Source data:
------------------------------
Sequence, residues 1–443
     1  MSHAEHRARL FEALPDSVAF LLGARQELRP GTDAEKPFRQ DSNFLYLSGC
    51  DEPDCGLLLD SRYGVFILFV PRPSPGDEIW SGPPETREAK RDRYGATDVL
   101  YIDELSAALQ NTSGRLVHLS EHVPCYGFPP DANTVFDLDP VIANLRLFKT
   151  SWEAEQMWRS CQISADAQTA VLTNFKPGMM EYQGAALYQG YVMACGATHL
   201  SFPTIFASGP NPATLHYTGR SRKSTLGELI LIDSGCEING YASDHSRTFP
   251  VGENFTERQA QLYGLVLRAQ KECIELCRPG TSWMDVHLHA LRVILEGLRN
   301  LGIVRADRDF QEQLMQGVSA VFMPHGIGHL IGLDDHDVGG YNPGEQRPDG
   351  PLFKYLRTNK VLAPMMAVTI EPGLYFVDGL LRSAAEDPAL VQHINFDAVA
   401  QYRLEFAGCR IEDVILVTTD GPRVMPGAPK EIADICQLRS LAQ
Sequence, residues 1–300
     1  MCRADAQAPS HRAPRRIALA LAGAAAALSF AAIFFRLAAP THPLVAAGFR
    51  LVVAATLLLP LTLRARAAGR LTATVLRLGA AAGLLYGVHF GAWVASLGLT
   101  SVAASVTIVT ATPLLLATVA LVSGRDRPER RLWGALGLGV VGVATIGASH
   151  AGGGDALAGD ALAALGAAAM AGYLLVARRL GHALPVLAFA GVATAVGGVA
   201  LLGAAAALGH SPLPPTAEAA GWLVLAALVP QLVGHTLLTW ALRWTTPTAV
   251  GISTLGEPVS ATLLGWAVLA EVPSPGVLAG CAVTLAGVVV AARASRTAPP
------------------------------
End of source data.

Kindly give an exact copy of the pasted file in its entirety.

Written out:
Sequence, residues 1–443
     1  MSHAEHRARL FEALPDSVAF LLGARQELRP GTDAEKPFRQ DSNFLYLSGC
    51  DEPDCGLLLD SRYGVFILFV PRPSPGDEIW SGPPETREAK RDRYGATDVL
   101  YIDELSAALQ NTSGRLVHLS EHVPCYGFPP DANTVFDLDP VIANLRLFKT
   151  SWEAEQMWRS CQISADAQTA VLTNFKPGMM EYQGAALYQG YVMACGATHL
   201  SFPTIFASGP NPATLHYTGR SRKSTLGELI LIDSGCEING YASDHSRTFP
   251  VGENFTERQA QLYGLVLRAQ KECIELCRPG TSWMDVHLHA LRVILEGLRN
   301  LGIVRADRDF QEQLMQGVSA VFMPHGIGHL IGLDDHDVGG YNPGEQRPDG
   351  PLFKYLRTNK VLAPMMAVTI EPGLYFVDGL LRSAAEDPAL VQHINFDAVA
   401  QYRLEFAGCR IEDVILVTTD GPRVMPGAPK EIADICQLRS LAQ
Sequence, residues 1–300
     1  MCRADAQAPS HRAPRRIALA LAGAAAALSF AAIFFRLAAP THPLVAAGFR
    51  LVVAATLLLP LTLRARAAGR LTATVLRLGA AAGLLYGVHF GAWVASLGLT
   101  SVAASVTIVT ATPLLLATVA LVSGRDRPER RLWGALGLGV VGVATIGASH
   151  AGGGDALAGD ALAALGAAAM AGYLLVARRL GHALPVLAFA GVATAVGGVA
   201  LLGAAAALGH SPLPPTAEAA GWLVLAALVP QLVGHTLLTW ALRWTTPTAV
   251  GISTLGEPVS ATLLGWAVLA EVPSPGVLAG CAVTLAGVVV AARASRTAPP